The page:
It was the battle cry of Celtic fans who helped to bring down a much-hated regime at Parkhead back in the 1990s.
Will it result in the demise of the current hierarchy at Ibrox now it has been adopted by similarly disgruntled Rangers supporters?
Certain individuals have been targeted by the Glasgow club's more vocal spectators at games during their troubles in the last few years.
Earlier this month, for example, former chief executive Charles Green was publicly lambasted after making a controversial return as a paid consultant.
As a result, the outspoken Yorkshire businessman's new role quickly became untenable and he had soon departed for a second time.
But the Ramsdens Cup second-round match with Berwick Rangers at Ibrox last night was the first time the entire board had been targeted by a section of the support. Will it have any bearing on which side - the existing board or those shareholders who are hoping to bring about change - ends up in control?
Nothing is certain. Three of the current club directors are, of course, engaged in a fight for their survival against a group of investors backed by Jim McColl at the moment.
The Union Bears and Blue Order made clear who they hope will prevail in the ongoing battle for power as their team ran out 2-0 victors last night.
"Get out of our club!" and other more unsavoury chants rang out across a half-empty stadium - little over 16,000 turned up for the cup tie - during the second half.
"What a waste of money!" may have referred to the re-appointment of the Govan club's former media consultants to help the board in their quest to remain in situ.
Whether this public condemnation of those in positions of authority at the SPFL League One leaders has any tangible effect will only become clear in the weeks ahead. On the park, matters were far more routine.
Emilson Cribari returned from injury and slotted back into his usual centre-half position alongside captain Lee McCulloch.
Lewis Macleod, who has been played on the left of midfield this season, moved into his preferred position in the centre of the park alongside Ian Black.
Andy Little, too, got a rare chance to operate in his favoured slot up front with both Jon Daly and Nicky Clark being ineligible.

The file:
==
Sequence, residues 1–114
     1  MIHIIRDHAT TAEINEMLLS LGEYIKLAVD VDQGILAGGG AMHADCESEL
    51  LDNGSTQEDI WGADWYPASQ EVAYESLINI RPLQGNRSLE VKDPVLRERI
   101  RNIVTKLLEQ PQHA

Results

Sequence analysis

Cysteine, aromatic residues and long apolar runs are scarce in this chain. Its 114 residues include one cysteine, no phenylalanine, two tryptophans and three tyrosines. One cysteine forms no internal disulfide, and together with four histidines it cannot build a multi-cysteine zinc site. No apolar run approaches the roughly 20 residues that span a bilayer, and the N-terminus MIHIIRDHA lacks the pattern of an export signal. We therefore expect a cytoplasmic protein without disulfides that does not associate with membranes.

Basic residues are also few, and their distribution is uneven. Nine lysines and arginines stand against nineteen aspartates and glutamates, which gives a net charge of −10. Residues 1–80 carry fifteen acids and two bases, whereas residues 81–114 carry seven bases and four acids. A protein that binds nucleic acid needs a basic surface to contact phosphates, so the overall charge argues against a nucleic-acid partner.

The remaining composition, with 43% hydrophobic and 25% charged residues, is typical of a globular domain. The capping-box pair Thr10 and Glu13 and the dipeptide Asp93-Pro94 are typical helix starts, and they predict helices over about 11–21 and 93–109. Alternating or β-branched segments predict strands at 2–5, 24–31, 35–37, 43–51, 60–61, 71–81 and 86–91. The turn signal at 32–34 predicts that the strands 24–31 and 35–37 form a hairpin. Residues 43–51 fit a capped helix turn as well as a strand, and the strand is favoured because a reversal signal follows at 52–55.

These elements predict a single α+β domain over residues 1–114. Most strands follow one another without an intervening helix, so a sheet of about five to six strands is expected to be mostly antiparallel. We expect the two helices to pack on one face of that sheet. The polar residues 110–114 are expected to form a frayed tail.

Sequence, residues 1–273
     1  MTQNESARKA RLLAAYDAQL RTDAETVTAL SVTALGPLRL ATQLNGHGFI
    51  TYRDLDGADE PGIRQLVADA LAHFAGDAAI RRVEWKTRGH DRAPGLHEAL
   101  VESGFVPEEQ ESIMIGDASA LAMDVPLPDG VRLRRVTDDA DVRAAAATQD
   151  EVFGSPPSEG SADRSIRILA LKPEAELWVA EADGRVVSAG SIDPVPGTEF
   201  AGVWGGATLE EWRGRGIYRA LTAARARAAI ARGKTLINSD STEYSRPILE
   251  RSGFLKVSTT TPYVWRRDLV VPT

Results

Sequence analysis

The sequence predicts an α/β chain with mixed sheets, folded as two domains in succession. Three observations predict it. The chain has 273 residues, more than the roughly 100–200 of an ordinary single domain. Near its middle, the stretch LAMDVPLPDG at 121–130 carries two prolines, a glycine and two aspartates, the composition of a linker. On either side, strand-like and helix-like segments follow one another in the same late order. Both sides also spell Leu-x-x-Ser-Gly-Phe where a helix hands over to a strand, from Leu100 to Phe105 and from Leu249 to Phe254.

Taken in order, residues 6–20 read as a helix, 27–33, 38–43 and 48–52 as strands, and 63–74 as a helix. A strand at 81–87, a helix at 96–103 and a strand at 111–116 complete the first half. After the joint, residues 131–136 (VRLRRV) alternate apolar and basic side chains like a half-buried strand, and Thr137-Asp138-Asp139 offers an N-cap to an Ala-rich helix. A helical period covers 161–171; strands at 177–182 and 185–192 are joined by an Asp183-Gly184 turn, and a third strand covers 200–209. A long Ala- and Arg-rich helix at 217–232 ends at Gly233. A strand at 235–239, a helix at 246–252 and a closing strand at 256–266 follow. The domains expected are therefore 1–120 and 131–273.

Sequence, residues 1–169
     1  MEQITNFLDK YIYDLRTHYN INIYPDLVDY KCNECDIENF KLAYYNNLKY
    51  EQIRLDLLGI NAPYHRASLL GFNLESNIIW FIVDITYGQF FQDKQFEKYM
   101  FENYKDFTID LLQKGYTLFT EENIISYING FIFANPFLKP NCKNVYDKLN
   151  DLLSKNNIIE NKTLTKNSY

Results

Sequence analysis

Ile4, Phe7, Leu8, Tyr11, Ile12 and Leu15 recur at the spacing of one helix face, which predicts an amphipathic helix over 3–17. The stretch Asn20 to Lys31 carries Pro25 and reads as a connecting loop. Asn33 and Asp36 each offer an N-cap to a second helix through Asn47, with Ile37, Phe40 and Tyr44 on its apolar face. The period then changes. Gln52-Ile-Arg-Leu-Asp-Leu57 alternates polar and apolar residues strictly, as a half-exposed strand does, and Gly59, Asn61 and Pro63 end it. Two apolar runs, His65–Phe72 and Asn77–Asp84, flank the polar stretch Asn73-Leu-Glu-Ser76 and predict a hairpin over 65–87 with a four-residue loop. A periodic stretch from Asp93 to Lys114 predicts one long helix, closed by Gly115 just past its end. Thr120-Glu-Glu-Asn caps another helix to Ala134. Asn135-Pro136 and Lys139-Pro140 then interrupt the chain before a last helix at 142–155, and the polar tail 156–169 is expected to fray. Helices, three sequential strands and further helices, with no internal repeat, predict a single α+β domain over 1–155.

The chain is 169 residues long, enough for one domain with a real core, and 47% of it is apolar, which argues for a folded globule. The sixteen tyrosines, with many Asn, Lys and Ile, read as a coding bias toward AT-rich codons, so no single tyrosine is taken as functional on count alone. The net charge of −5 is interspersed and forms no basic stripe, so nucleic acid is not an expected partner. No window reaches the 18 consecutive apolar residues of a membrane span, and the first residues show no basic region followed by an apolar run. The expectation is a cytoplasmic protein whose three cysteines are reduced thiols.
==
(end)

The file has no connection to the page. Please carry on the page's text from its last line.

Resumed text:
Macleod nearly opened the scoring in the 26th minute - albeit inadvertently. The visiting defence and goalkeeper failed to deal with his speculative punt upfield.
They had Neil Janczyk, who hared back to clear the ball off his own goal-line, to thank for sparing their blushes.
Shortly after that near thing Rangers came close to scoring in a more conventional manner after Robbie Crawford curled a cross into the opposition box from the right wing.
Little, who had anticipated his team-mate's ball well, connected well with a volley only for goalkeeper Paul Grant to produce a fine reaction save.
The Northern Ireland international should have done far better before half-time after Black had picked him out in space in the visitors' area. Instead of shooting himself, though, he attempted to tee up either Dean Shiels or David Templeton outside him. His pass went astray and the opportunity to edge ahead was squandered.
Berwick, who famously drew with Rangers at Shiel-field at the start of last season, deserve plaudits for how they handled the occasion.
Organised, fit and physically imposing, they did well to contain their famous rivals to a handful of half-chances in the opening 45 minutes.
Yet, Ian Little's team did not trouble Scott Gallacher in the home goal. A long-range shot from Lee Currie early in the second half was all he had to deal with.
Still, the Light Blues fans started to experience a distinct sense of deja vu. They had, after all, seen their heroes humbled by part-time adversaries on many occasions, both home and away, last season.
Manager Ally McCoist knew he had to do something to ensure his team killed off the tie and he replaced Shiels with Barrie McKay. His shrewd replacement made an immediate impact.
The Third Division champions eventually edged in front on the hour mark after McKay rounded off a neat passing interchange involving three players. Sebastien Faure supplied Little who showed great vision to send McKay clear through. His young team-mate buried the ball clinically.
Provider turned scorer two minutes later. Crawford picked out Little with an accurate through-ball and the striker powered a header into the top right corner.
Despite not having Nicky Law, who has so far been the best of the new arrivals at Rangers, alongside him Black was once again bright and influential.
The SFA charges hanging over him - he is accused of a string of betting offences, including backing his own team not to win - do not appear to have dented his confidence.
Hefty challenges from Currie and Damon Gelty earned bookings from referee Euan Norris, but did not, on this occasion, deter him.
Whether the public protests against the board deter any of them as the seemingly never-ending off-field saga at Rangers rumbles on and on is anybody's guess.